It seems to have worked, or maybe it hasnít. Heís beckoning Apollo over from the rest of the team, and I almost piss my pants in relief when he turns and says nice as pie (or at least as nice as he gets), ďApollo, youíre the leader of this team, your role is to guide and discipline your men. Do it.Ē Thatís not too bad, but he doesnít stop, he just pauses, and that isnít good, ďBeat him. Hard. He wonít resist you, youíre his leader, he doesnít want you hurt or killed. He wonít resist you, because Iím ordering him not to,Ē and then a small smile breaks out on his face, ďand I so want to see whether those new exotic carbon fibres Iíve had put into him do their job under stress.Ē
Fuck, itís a test. Maybe. Or maybe heís just fucking with us.
And Apolloís hesitating. Fuck. Apollo, snap out of it, or heís going to twig and then Iíll be facing something more than a couple of bruises. Heís still doing it, looking at the Weatherman like heís grown a third head. So I do the only thing I can do, ďApollo, youíre the team leader here; you have to follow orders as much as the rest of us. And I wasnít, I screwed up and deserve whatís coming to me.Ē Hopefully it will shake him out of his funk, and I kneel ready, following Bendixís little gesture.
Harder, harder is the only thing I can think as Apolloís fists rain into me, harder. Harder so the Weatherman doesnít suspect, harder so the Weatherman is happy, harder so I can lose myself in the blows and go to some distant place in my mind. But I canít. The computer tells me about every blow, pulls me back to reality, all those anti-interrogation techniques I remember so clearly are useless deadweight. So I try to do the next best thing, and try to turn every punch every kick I rock under as my ribs begin to bruise and my shoulder dislocates into a loving caress from those beautiful hands. Only that doesnít work either, and thereís blood upon my lips, he hasnít really aimed above the neck, so thatís very bad news indeed.
Only when Bendix gives the word does he stop. And Iím thankful. We put up a good show, I think heís satisfied. Iím satisfied. Iím sure enough that we havenít given ourselves away. Certain enough. He orders the rest away, Apolloís caught on and doesnít look back. Why does that hurt so much? So much more than the pain, the computerís already telling me whatís wrong, as if I donít fucking well know already, telling me in calm tones of broken bones and bleeding membranes. Broken bones, Christ, Apolloís stronger than I thought. He must be forever holding back on me in the gym.
Iíve got other things to worry about right now. Bendix has taken my chin in his hand, is guiding my face up to look at him, and heís doing it so very gently, like the caress I so long for from Apolloís hands. Only this feels wrong. And I feel sick.
ďYou did well, my child, so very well. Iím proud of you, very proudĒ
I can hear the blood in my chest as I reply, ďArenít we all your children, sir?Ē
ďAre but youíre particularly special, particularly dear to me, but I suppose youíll never understand,Ē fuck, whatís got into him, why has he turned from disciplinarian hard case into elderly grandma, I clearly look bemused enough, ďyes, well, youíre never going to understand not really, but with you I have to be sure of my handiwork, be sure that my favourite boy doesnít come to harm.Ē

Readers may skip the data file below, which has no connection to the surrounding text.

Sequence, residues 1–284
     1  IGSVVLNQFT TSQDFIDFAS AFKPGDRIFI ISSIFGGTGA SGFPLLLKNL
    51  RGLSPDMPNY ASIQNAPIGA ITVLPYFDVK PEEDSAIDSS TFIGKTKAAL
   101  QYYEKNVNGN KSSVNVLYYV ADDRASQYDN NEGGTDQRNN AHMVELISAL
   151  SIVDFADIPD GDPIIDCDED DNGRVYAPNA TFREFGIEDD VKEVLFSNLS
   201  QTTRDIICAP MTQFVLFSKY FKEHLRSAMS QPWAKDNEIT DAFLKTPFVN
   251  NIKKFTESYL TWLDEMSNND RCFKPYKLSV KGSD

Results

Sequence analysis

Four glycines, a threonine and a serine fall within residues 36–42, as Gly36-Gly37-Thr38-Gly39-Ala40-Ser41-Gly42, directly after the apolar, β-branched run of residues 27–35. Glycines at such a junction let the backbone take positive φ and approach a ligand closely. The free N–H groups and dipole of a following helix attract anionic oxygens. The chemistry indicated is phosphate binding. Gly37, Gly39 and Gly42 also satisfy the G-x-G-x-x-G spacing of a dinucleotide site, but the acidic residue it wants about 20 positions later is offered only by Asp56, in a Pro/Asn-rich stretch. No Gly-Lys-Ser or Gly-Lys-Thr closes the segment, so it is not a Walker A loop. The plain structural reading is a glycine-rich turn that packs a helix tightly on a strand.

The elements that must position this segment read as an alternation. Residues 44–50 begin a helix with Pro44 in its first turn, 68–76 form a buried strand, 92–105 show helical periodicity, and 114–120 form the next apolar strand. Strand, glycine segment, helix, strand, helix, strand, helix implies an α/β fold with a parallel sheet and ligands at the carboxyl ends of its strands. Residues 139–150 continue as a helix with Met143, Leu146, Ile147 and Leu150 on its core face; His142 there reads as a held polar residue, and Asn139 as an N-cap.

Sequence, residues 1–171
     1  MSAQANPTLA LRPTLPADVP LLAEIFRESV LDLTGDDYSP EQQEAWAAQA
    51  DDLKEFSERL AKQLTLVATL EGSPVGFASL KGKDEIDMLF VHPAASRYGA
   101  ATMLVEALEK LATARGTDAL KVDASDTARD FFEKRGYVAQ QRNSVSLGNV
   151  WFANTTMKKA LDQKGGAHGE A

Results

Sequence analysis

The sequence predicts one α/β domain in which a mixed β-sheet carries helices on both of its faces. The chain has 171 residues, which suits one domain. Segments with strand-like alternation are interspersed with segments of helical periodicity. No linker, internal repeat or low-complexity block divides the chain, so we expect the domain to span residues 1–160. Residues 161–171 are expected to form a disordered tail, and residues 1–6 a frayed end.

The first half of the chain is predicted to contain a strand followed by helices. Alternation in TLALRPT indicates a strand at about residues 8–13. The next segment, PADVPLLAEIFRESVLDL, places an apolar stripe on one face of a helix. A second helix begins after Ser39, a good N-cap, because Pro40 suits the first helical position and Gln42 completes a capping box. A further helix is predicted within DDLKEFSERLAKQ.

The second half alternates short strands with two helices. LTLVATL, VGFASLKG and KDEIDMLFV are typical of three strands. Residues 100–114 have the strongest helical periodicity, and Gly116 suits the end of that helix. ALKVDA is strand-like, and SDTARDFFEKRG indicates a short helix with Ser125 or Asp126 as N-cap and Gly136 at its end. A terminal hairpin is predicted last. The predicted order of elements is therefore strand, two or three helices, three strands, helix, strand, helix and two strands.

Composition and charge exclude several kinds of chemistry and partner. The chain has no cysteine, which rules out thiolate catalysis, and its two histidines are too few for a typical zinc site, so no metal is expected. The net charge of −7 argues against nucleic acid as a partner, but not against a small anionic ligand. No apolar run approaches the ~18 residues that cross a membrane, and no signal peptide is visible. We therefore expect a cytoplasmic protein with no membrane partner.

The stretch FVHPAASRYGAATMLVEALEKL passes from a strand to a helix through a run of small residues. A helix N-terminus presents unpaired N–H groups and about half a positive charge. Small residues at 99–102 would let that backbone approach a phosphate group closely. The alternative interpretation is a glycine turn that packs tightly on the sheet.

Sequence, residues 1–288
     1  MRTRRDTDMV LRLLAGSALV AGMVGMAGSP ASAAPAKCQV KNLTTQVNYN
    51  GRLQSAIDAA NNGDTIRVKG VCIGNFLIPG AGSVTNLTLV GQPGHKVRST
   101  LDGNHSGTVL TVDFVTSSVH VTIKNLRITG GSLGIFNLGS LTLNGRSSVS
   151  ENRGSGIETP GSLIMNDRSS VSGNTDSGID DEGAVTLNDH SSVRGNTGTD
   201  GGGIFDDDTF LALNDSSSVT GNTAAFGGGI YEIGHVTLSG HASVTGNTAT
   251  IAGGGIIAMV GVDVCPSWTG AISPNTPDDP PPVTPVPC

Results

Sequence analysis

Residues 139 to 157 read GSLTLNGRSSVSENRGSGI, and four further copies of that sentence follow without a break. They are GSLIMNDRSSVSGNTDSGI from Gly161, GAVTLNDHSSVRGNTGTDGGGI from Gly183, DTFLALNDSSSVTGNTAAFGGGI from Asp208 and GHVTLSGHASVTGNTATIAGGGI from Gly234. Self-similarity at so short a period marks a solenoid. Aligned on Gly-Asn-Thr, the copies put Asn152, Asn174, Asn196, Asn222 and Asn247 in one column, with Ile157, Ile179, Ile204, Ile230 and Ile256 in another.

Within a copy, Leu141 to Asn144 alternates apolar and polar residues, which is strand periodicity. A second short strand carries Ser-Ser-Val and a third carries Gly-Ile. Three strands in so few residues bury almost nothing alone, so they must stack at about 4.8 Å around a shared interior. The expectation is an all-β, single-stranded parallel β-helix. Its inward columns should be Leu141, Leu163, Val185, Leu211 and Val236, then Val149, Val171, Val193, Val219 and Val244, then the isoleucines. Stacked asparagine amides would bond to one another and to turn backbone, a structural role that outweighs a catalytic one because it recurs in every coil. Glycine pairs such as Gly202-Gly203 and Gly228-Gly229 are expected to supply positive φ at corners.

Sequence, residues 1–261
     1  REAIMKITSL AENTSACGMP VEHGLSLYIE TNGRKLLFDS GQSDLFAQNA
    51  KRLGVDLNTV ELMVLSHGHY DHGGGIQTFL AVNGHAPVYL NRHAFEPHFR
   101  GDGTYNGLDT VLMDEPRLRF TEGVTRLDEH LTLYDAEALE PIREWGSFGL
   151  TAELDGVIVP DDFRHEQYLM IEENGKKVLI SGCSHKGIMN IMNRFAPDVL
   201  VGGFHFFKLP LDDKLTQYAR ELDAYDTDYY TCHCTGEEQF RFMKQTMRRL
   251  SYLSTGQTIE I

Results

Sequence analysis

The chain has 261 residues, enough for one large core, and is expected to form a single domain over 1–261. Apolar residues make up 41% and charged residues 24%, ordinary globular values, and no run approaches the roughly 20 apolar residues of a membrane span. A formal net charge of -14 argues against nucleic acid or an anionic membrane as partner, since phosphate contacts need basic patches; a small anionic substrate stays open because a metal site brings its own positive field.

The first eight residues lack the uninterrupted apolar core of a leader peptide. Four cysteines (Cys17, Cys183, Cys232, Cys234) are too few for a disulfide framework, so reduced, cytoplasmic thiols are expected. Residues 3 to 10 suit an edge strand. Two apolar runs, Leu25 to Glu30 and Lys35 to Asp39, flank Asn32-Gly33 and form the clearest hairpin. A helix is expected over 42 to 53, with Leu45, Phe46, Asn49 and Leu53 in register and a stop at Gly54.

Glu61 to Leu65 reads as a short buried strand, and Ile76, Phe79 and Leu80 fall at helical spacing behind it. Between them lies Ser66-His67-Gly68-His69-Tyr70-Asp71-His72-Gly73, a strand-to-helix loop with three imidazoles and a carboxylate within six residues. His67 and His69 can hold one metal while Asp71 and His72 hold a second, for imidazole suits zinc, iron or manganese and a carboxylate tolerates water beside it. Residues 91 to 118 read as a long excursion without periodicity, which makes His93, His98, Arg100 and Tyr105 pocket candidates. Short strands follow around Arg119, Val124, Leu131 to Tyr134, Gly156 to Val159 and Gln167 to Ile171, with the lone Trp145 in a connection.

Did I mention how Apollo and I were favourites of his, earlier, how some of the others were jealous, and I thought theyíd sell us out for a moment in his esteem? Well, they wouldnít if theyíd ever seen him like this, Iím creeped-out, actually Iím fucking terrified. Iím The Midnighter now. I shouldnít be terrified, I should be terror. But right now, I so want him to stop, to take his hand off me, to go away.
ďI have to be certain, I have to be certain that youíre safe. That your capabilities are indeed as they should be. Have you got any broken bones?Ē
The last bit comes as an afterthought, and I nod desperately into his hand, not trusting my voice as he says, ďMy boy, my poor, poor boy. I shall be having words with the engineers, you know,Ē like theyíre neighbours who let their dog chase the cat, and then he gets brisker, ďbut, we might as well test everything right now, I donít think theyíre going to strengthen those bones until the damageís repaired itself, and we might as well kill two birds with one stoneÖĒ
Heís fast, faster than any human should be, and Iím slow, too much pain is dulling my senses. And thereís a needle in my arm. I didnít notice it go in, but then I feel pain differently now. Everythingís feeling woozy, it shouldnít. ďÖI might as well test all the new systems. Canít have you falling prey to biological weaponry, can we, not sure why anyone hasnít found a way to use this little upstart virus yet. I suppose the human immunodeficiency virus isnít fast enough for them, and they lack the creativity to make a version that starts active like this one. I have to say Iím surprised, but it can only be a matter of time, canít it, son, and I donít want you going out into the world unprepared.Ē